The second is to avoid getting stranded if a flight is delayed or cancelled and your client misses a connection. If this happens, the airline will offer an alternative solution, whereas no responsibility will be taken for a missed connection with the competition.
Manage your transits
If the itinerary includes an overnight layover or a long transit of a few hours, it’s not necessarily a problem. A layover can be the perfect opportunity to catch some sleep and have a shower at an airport hotel. It’s a different story if there is a long stopover during the day, and your client has to stay in the terminal. That is the perfect recipe for fatigue to kick in, with the associated increase in confusion and irritability. Now it gets tricky to manage behavior that can easily be misunderstood in an environment where everyone is hypervigilant to potential safety threats.
There is also the increased risk of your client having little accidents that will require a change of clothes, be it incontinence or food spills. So, make sure you don’t overlook the time that is spent at an airport between flights.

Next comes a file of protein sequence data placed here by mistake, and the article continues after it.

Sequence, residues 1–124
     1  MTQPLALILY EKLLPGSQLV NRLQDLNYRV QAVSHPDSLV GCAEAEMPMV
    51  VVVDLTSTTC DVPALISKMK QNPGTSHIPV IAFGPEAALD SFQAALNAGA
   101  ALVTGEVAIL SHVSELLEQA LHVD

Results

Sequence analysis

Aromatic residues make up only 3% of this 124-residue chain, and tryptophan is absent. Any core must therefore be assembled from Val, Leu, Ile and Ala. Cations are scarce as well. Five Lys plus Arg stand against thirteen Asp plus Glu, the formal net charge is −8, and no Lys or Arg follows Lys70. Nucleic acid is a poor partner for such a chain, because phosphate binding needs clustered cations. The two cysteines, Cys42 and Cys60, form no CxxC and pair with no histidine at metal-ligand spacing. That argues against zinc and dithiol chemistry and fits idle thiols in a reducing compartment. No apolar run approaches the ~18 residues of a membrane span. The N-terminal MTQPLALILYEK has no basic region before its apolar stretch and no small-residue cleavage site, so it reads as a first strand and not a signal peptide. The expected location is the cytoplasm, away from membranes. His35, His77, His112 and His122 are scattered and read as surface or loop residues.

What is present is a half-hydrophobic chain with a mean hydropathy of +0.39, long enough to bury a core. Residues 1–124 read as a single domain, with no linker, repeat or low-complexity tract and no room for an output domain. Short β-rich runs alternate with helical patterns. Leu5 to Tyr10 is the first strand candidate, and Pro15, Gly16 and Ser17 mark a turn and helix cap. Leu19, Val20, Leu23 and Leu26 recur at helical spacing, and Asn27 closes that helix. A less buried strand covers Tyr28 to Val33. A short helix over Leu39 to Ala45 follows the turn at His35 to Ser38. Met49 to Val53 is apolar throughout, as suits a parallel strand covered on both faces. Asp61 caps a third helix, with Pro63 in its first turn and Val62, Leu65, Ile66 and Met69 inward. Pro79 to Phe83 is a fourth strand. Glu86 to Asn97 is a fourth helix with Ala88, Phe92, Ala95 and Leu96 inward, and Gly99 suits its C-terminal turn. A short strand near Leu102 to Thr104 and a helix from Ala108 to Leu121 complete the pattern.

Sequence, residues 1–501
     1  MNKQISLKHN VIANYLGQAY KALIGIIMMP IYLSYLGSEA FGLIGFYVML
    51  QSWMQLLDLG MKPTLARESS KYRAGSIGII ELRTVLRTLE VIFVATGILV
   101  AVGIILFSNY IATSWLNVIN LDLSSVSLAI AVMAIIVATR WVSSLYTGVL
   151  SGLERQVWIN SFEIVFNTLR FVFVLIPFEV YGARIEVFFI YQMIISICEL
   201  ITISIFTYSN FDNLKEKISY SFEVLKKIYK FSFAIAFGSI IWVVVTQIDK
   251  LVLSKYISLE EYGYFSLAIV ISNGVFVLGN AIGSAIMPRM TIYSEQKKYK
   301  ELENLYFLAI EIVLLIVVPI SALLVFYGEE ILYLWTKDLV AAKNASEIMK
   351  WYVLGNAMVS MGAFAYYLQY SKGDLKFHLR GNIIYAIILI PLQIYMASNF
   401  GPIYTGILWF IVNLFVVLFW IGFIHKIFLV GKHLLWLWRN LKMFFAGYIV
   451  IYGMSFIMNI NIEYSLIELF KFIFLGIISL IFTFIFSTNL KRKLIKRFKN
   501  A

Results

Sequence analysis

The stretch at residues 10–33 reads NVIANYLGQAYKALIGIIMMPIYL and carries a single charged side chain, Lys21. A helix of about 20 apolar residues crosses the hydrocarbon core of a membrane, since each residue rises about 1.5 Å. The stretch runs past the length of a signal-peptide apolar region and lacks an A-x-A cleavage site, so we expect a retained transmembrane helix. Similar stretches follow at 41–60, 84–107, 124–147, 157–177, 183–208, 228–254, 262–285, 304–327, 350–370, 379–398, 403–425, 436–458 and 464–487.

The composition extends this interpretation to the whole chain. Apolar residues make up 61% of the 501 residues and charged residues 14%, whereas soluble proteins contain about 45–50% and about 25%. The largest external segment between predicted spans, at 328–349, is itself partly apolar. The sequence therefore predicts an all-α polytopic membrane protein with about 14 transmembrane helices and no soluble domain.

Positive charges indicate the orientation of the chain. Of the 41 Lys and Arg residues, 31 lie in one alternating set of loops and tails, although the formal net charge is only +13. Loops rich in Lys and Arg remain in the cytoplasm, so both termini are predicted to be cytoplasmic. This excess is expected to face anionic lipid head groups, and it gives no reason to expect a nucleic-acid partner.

Mind you, there is another way of looking at airport transits: if you can build in short stops up to three hours between flights, it could actually be an effective strategy to reduce stress. Your client now has the opportunity to slow down, take a break and adapt to all those rapid changes that are typical for any large airport. Instead of grabbing a quick bite to eat on the go, your client will now have a bit of time to stretch the legs, visit a proper washroom and look around and say - What do I actually feel like eating?
What you should definitely avoid at all cost, are tight connections of less than 90 minutes, especially during peak times. Even if there is a wheelchair attendant waiting at the gate, your client doesn’t need the extra stress of eventually running out of time to board the next flight.
Make the seat work for you
What type of airplane is operating the flight, and where your client sits in the cabin can often make or break a positive flight experience. Sometimes there is nothing that you can do to help: if a destination is only served by smaller commuter aircraft like the Dash-8, CRJ-regional jets or the Embraer-series, any seat is going to give that feeling of being stuck in a can of sardines. You can only do so much by choosing a window seat for some privacy, or an aisle for easy access to the lavatories.
Selecting an emergency exit row for the extra leg room is out of the question too, because anyone sitting in those rows need to be physically and mentally able to open the emergency exit an assist the cabin crew if there is an emergency evacuation of the aircraft. Even if you are able to select the exit rows online, it will be changed at the airport. I recommend the bulk head seat instead, but be prepared to share the row with young families who requested a crib for their baby.